Monday, August 18, 2014

Some thoughts concerning Ferguson


The Police State

From the way people, especially libertarians, are reacting, you'd think MRAPs and cops in body armor and BDUs appeared practically overnight. The emerging meta-narrative is, "One day we woke up and discovered that cops have become paramilitary soldiers."

First, if you really, really think about it, you'll realize that cops have been paramilitary forces for decades. Police academy training is a lot like boot camp, and rookies are trained to march and salute just as is every member of the armed services, including the Coast Guard. They're even part of defense planning in case of an invasion or civil insurrection. Who do you think they modeled police uniforms on — gas station attendants? Bellhops?

(Do you remember the TV series SWAT? The only difference between their uniforms and the BDUs I wore at MCRD San Diego is that they were dyed black. And that was the uniform for the Special Weapons and Tactics teams for many if not most cities that had such a unit; now many have night-pattern camouflage.)

Who or what is driving the meta-narrative?

Kevin D. Williamson tells us, "The different uniforms are meant for different kinds of policing: The traditional blue coat is for the policeman who walks a beat [has anyone seen a cop "walk a beat" in the last fifty years?], and the ridiculous stormtrooper suits are for those who roll through in an MRAP." Williamson kinda-sorta recognizes that there are different kinds of policing, but is too busy snarking to ask if there might be a valid social purpose behind the second type of policing.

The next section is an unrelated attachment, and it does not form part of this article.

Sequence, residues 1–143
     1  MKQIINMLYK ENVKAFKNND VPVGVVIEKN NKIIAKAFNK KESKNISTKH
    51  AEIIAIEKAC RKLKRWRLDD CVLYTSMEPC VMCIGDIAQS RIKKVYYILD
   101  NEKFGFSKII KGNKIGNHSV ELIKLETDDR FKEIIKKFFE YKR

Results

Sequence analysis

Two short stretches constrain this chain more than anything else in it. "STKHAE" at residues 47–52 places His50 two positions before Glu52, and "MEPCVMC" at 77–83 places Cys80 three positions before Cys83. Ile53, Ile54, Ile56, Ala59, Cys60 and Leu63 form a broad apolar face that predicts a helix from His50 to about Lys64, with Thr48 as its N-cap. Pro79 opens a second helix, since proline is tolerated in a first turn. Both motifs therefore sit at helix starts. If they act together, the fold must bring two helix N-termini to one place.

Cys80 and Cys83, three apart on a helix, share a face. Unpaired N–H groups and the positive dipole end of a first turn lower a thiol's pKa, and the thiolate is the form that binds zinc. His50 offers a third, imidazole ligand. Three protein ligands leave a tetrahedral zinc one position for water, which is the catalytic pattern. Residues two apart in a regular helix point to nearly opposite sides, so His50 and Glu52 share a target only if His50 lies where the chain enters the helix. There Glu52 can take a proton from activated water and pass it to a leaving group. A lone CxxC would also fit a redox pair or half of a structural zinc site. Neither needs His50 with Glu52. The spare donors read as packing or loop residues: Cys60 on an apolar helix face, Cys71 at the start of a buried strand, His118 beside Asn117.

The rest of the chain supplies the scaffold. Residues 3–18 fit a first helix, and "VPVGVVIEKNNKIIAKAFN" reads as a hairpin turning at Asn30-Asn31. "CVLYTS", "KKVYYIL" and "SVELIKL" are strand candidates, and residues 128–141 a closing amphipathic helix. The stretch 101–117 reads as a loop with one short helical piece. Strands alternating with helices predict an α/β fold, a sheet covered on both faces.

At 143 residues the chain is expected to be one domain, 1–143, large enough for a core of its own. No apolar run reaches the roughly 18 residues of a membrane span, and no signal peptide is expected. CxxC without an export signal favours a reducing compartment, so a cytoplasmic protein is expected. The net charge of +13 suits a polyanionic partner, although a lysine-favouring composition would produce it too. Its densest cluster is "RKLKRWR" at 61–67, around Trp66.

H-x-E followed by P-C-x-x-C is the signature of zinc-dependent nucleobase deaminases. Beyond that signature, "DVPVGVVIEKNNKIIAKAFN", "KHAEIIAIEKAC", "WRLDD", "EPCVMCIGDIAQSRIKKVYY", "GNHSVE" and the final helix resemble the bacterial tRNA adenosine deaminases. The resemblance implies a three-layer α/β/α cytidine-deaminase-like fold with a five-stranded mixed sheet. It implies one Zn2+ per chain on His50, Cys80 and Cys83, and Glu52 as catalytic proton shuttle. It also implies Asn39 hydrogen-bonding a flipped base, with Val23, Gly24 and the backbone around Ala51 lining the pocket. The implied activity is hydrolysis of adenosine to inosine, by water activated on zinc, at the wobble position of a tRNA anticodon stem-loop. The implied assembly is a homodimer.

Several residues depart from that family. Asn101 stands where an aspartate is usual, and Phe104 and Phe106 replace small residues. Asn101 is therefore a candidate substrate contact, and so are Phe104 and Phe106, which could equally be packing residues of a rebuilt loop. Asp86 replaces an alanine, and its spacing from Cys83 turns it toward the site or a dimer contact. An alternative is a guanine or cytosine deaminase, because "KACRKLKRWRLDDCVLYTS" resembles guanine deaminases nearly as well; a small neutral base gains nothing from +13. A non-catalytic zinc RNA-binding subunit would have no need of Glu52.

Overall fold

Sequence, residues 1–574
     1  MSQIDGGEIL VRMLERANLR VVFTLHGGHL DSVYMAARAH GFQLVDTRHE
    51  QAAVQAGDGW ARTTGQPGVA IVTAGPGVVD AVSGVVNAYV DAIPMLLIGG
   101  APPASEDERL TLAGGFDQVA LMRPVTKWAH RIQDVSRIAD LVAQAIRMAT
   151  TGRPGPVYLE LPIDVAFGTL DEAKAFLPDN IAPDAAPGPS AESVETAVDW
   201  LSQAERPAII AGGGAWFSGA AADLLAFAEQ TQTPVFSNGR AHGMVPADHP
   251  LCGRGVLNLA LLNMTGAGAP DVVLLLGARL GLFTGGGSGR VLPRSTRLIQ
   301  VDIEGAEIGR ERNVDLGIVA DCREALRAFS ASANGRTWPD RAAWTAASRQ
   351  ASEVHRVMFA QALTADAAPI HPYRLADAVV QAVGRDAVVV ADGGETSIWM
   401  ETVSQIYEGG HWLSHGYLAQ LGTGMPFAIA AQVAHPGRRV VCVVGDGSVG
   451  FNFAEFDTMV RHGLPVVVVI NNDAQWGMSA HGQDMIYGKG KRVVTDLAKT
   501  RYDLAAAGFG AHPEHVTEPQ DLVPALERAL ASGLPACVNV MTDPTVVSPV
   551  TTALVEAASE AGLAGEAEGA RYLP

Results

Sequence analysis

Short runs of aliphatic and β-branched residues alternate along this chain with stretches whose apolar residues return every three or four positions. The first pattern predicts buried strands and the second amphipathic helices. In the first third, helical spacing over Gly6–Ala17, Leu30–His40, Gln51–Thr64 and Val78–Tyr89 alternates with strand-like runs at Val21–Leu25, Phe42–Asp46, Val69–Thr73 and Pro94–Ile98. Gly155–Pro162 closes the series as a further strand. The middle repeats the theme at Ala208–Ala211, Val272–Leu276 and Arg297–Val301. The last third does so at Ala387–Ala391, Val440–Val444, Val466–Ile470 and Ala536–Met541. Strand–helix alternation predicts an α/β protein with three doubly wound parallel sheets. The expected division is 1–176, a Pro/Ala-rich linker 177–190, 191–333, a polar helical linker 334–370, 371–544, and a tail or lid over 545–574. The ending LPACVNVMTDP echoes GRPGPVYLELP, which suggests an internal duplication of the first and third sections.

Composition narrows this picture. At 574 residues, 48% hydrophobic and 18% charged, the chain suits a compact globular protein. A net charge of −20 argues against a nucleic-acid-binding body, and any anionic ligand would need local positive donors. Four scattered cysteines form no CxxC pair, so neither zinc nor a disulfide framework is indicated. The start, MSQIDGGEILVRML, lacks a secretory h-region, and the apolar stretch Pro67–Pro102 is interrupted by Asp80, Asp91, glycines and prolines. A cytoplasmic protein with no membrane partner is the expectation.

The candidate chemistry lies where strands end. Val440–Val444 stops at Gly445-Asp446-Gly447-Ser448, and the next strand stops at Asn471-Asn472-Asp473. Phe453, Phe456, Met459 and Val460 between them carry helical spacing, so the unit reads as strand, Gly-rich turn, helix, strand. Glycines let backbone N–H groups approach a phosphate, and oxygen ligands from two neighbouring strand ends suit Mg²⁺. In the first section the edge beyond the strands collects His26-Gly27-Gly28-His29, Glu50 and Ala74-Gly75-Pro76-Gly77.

We've all seen the picture of the cop on top of the MRAP, wearing grassland camouflage (really? In an urban environment?) and body armor, looking through the scope of his  rifle. That isn't what Ferguson police normally wear, or how they normally arm themselves, because rioting isn't a "normal" state, nor do cops take "normal risks" when people riot. — You do know there was looting and burning going on, don'cha?

Photo credit: AP/Jeff Roberson.

The kinder, gentler cops

So what happened when the "kinder, gentler" State Highway Patrol, under Capt. Ron Johnson, came in wearing "nice cop" uniforms? Well, Rich Lowry reminds us, the knuckleheads of Ferguson still looted and burned; this time, though, the locals were upset because "you still have a job to do now, and now you’re not doing your job," as one looted store owner put it.

Saturday night was calmer: MSHP only had to fire one smoke grenade against 200 protesters violating the curfew. There was still some riot gear and a couple of armored tactical vehicles: Capt. Johnson didn't make the same mistake twice.